08-30-07 by simpson
Students have returned to college campuses across the country, but there apparently is a delay in the fall semester for Big Oil U’s largest extension campus at the University of California at Berkeley.
As you’ll recall, BP announced with great fanfare last February a plan to fund a $500 million alternative energy research program housed at UC Berkeley, now known as “UC BP.” Collaborating with Berkeley on the Energy Biosciences Institute (EBI) are the National Livermore Laboratory and the University of Illinois.
The competitive award was based on a detailed proposal, but a formal contact still had to be negotiated that among other things would spell out who owns and controls any discoveries that are made as a result of the research. That’s known as intellectual property (IP) policy.
At the time of the announcement most observers expected the contract by May or June. In May EBI officials were predicting a July signing. Some cynics suggested it would certainly happen over the summer, after students, some who had voiced well-reasoned concern and opposition to the plan, had left on vacation. That’s the way it always seemed to go in my college days.
Well, it didn’t happen that way this time. Now I’m told by EBI and Berkeley officials that an agreement might come around Sept. 15 and IP policy is a main sticking point. One official told me, "We have a line in the sand."
Oilwatchdog has not flat-out opposed Big Oil funding of university research. What I’ve said repeatedly is that universities should not sell out academic freedom and their public responsibility to the highest bidder and allow themselves to serve a narrow corporate agenda. Safeguards need to be in place to protect a university’s unique public responsibility.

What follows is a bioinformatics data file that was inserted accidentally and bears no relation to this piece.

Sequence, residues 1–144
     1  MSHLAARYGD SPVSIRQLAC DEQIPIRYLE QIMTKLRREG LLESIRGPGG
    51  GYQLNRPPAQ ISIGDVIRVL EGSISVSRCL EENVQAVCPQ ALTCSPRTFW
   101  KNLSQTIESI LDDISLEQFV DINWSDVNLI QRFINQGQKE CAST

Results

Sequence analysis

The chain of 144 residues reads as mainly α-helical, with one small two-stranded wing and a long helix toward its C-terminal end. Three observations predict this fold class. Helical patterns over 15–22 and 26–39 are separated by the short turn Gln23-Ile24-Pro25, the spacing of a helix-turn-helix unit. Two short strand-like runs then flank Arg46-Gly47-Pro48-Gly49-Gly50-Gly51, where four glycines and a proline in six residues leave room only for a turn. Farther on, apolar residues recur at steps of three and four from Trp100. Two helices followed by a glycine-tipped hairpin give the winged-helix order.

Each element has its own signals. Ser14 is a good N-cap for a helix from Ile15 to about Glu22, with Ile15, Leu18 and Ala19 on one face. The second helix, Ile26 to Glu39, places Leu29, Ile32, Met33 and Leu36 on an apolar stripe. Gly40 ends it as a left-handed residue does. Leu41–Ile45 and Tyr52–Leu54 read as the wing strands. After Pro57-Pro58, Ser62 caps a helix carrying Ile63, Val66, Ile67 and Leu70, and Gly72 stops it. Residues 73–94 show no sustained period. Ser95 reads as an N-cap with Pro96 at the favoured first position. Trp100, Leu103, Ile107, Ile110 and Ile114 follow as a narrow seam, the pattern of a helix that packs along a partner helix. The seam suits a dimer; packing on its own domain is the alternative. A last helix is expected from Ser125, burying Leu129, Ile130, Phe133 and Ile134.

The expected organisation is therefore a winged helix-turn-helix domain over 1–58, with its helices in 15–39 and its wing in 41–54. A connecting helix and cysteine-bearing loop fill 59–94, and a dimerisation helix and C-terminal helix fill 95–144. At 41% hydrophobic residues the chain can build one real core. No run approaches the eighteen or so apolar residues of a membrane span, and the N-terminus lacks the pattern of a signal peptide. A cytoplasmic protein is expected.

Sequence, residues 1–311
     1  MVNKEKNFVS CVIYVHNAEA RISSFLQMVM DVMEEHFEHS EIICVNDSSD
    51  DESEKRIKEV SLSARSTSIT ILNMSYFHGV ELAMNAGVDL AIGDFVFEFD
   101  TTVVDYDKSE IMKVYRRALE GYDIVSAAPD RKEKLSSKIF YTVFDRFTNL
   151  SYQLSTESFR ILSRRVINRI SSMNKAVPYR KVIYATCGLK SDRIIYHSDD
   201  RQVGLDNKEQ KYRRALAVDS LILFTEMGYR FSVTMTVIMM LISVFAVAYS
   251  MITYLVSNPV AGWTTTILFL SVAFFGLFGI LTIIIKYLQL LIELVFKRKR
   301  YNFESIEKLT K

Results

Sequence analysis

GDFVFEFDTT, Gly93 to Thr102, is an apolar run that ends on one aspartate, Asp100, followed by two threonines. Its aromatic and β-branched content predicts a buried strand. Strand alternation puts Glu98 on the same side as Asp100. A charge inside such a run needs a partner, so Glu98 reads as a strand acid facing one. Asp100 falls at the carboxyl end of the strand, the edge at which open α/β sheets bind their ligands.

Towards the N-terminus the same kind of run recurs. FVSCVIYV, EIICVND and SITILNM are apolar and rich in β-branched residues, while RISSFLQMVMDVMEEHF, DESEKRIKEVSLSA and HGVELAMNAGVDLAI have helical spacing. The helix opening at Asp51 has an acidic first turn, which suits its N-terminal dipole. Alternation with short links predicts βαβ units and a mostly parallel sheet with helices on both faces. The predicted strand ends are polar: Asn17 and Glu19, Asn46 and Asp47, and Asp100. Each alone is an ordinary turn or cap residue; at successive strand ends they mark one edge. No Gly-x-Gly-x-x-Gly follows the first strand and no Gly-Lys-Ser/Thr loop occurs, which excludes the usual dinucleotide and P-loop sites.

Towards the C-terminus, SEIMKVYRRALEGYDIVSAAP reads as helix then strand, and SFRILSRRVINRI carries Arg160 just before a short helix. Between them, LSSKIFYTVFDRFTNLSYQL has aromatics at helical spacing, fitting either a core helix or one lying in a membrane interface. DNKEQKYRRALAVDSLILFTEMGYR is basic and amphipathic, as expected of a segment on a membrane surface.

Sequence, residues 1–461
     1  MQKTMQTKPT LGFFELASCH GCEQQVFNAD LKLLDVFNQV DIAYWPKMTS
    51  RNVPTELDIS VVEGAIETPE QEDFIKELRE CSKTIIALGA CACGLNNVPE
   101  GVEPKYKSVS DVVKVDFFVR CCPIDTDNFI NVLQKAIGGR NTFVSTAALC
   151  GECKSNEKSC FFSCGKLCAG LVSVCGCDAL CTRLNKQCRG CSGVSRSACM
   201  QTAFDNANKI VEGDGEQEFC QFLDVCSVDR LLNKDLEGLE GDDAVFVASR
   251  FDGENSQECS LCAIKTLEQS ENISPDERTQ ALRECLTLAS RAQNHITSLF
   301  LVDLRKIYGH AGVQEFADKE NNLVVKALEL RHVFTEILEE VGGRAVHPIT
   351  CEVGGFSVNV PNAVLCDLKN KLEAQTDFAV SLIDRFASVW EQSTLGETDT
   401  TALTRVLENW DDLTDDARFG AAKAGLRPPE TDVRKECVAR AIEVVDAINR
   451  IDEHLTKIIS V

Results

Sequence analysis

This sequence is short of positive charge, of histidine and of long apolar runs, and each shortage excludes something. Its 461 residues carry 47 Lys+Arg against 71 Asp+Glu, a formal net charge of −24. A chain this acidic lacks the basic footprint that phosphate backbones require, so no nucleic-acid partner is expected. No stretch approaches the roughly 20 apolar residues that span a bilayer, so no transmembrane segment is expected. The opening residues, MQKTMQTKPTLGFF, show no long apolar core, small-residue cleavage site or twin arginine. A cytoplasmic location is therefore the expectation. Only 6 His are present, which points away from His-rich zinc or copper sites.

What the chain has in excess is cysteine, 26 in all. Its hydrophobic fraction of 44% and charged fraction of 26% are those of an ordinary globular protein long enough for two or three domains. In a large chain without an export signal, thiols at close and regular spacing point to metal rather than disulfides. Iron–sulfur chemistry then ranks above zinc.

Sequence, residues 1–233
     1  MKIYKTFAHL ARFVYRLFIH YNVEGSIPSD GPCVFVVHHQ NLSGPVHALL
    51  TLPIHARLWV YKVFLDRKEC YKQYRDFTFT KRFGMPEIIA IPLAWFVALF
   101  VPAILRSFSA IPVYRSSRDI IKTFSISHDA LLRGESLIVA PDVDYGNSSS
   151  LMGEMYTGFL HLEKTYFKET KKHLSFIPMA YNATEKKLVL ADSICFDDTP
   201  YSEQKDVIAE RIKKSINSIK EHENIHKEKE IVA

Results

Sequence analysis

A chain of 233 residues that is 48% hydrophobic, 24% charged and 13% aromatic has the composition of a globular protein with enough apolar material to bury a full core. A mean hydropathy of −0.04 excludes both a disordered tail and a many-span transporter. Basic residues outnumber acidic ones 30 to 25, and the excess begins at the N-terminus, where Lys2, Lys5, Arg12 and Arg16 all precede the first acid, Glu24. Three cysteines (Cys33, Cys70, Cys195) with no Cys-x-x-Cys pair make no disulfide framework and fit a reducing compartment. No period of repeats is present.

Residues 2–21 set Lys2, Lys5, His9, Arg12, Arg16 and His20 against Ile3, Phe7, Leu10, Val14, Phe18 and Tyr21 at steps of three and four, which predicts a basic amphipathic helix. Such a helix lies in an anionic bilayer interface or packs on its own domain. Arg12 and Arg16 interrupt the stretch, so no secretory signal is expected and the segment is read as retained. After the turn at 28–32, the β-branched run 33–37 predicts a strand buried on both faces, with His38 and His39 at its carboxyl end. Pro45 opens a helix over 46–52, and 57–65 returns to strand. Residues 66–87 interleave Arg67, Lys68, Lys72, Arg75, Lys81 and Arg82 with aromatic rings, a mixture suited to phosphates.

As I’ve argued in newspaper opinion columns, the University of California should control the direction and the results of the research. Any patented discoveries should be licensed to all comers on a non-exclusive basis. Secret proprietary research should not be allowed on campus. Any BP marketing efforts using the UC name should be approved on a case-by-case basis by the university regents themselves.
What the university officials must understand, as noted in the Statement on Academic Freedom from the First Global Colloquium of University Presidents, is that "the pressures and lures of commercial initiatives and alliances can seriously threaten the autonomy of universities and the academic freedom of faculty and students."
If that recognition and Berkeley officials taking a firm stance on IP issues are the reasons for the delay in reaching agreement with Bumbling Petroleum – BP – that is a good thing, indeed. We’ll all know just how good when the contract is made public.
Meanwhile students are back. They can and should ask university administrators what’s going on — and hold their feet to the fire if it’s needed.